Immigrants opt out of federal food assistance due to fear of deportation

Some immigrant families are choosing not to sign up for federal food assistance despite their need.

SAN ANTONIO - The West Avenue Compassion pantry and garden is a community space for those in the greatest need. Every Tuesday, families without food can go there and get non-perishable goods from the pantry and can work in the garden to grow their own vegetables.

Many of the families the organization serves are of foreign descent. Some do not have legal residence in the United States and are without jobs and food.

They're among many others in the country who may not qualify for federal food assistance, because of their immigration status. Programs like the Supplemental Nutrition Assistance Program (SNAP) requires that applicants list that information.

However, West Avenue Compassion does not.

"None of our guidelines require us to know that information, so we do not ask that," Amy Aguinaga with West Avenue Compassion said.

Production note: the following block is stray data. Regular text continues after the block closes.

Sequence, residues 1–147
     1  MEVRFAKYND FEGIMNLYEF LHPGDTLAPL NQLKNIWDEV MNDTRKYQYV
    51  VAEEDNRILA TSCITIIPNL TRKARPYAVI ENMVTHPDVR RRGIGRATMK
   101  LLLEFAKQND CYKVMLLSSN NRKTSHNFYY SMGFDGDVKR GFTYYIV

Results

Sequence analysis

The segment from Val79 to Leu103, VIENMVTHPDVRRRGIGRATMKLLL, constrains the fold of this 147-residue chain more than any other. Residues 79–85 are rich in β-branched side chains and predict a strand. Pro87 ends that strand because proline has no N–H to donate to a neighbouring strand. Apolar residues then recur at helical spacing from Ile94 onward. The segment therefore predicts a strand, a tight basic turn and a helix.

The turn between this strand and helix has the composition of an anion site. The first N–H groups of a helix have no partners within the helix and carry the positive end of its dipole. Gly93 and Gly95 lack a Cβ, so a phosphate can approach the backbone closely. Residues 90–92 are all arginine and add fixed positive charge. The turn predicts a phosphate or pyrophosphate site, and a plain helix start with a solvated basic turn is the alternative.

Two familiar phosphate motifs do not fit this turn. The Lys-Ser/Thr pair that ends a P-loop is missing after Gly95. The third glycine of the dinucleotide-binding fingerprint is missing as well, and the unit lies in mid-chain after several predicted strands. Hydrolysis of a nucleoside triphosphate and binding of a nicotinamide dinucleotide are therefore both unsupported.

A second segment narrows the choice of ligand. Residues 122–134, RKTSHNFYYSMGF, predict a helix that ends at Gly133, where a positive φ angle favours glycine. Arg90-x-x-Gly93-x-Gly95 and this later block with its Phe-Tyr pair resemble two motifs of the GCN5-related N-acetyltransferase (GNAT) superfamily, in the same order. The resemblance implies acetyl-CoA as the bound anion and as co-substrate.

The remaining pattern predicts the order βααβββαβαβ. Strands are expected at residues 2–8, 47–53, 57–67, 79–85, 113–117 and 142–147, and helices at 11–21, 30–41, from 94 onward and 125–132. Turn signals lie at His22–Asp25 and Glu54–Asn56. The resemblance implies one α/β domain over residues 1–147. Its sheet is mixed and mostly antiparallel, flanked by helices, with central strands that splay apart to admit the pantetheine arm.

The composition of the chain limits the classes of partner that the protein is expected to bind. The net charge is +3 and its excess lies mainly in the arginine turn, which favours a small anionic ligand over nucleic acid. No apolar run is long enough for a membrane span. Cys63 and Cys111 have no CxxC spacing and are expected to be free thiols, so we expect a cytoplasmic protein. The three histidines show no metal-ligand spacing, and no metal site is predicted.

Many immigrant families across the country consist of parents who are illegally in the United States, while their children are American born. However, some legal guardians who have to file for their child to have access to government help, fear that sharing their personal information on benefits documents could get them deported.

Instead, they choose to go hungry.

"Our demographics show that our largest population of where our food goes to is between the ages of one and 18," Aguinaga said. "Kids can't rely on themselves."

© 2017 KENS-TV


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